Space porn: These images are (quite literally) out of this world
NOVI, Mich. (AP) — An unemployed geologist suspected of two-dozen random shootings in southeastern Michigan was charged Friday with attempted murder after police matched his gun to bullet fragments recovered from victims’ vehicles.
Raulie Casteel, jailed since Monday in connection with a four-county spree that put drivers on edge for weeks, pleaded not guilty while appearing in court by video.
He faces 60 charges in Oakland County, where many of the 24 shootings occurred in October, and could be sentenced to up to life in prison if convicted of any of the eight attempted murder counts.
Lawyers will meet with a judge Wednesday to discuss whether the cases should be delayed in order for Casteel to undergo a psychiatric exam. His mother told the Detroit Free Press this week that she believes he may be mentally ill.
Casteel’s wife, father and stepmother were in Novi District Court but declined to speak to reporters.
The shooting spree occurred in four counties on or near Interstate 96, and one person was injured. Casteel, 43, was first charged Wednesday in Livingston County with assault with a dangerous weapon.
There were 10 shootings reported in Wixom, 40 miles northwest of Detroit, where Casteel lived with his wife, daughter and in-laws.
Wixom police Sgt. Ronald Moore told a judge Friday that bullet fragments recovered from vehicles matched Casteel’s 9mm handgun. Shell casings from the same gun also were recovered near the windshield wiper of his Chevy Malibu, Moore said.
Casteel will stay in jail without bond. He was described in court as being unemployed for the past two years and financially dependent on his wife, Erin.
Casteel didn’t talk about the charges, and the pleas were entered on his behalf, a typical custom at arraignments.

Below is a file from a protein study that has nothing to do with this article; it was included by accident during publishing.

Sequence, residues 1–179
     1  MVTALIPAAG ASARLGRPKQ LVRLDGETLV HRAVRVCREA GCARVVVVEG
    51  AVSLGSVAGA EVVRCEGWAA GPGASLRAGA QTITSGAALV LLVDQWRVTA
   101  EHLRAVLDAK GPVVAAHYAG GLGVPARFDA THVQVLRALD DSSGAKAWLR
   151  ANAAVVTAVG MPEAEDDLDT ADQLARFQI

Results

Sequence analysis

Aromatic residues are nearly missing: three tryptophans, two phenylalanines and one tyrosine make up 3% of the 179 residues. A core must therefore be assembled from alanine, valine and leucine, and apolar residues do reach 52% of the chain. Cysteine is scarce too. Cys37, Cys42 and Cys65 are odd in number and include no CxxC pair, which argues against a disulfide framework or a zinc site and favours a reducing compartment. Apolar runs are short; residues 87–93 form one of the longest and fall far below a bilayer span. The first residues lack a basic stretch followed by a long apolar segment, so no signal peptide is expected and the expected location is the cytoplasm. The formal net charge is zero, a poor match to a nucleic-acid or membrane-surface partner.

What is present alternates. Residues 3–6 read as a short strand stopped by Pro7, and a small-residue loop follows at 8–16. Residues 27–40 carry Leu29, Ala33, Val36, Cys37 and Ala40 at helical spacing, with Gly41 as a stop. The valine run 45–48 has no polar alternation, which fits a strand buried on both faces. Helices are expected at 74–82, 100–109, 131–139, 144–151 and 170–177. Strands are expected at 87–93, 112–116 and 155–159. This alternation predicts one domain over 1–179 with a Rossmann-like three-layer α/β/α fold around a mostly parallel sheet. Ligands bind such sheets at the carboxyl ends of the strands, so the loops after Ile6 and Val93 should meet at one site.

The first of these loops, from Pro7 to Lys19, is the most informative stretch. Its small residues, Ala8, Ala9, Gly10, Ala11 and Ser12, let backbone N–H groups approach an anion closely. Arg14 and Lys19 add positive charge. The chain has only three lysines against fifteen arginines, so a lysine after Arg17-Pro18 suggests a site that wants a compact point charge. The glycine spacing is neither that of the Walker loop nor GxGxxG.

“Let’s waive the reading,” Casteel said firmly, telling the judge to skip a formal recitation of the charges.
Casteel and his family returned to Michigan, their native state, last summer after living in Taylorsville, Ky. Police there said they had no contact with him until June when he became agitated and complained about planes flying too low over his house.
Officers were stumped because there were no other reports of low-flying planes, Chief Toby Lewis said.
Ed White in Detroit contributed to this story.
NASA astronaut Mike Hopkins
On December 28, 2013, Expedition 38 crew member Mike Hopkins participating in the second of two space walks to replace a degraded pump module on the International Space Station. (NASA astronaut Rick Mastracchio is reflected in his helmet!)
The Soyuz TMA-10M
The Soyuz TMA-10M headed towards the International Space Station with crew members from Expedition 37 onboard.
40 years ago the Apollo 8 mission flew up to the moon, orbited it ten times and then returned to Earth. This picture was taken from that flight and shows the Earth as it seemingly rises in similar fashion to a sunrise.
Sunrise from Expedition 36
NASA Flight Engineer Karen L. Nyberg of Expedition 36 took this photo of the sun rising -- a sight they saw nearly 16 times per day due to the speed of the International Space Station's orbit around the earth.
A pair of NanoRacks CubeSats -- nanosattelite spacecrafts carrying experiments -- were launched by Expedition 38.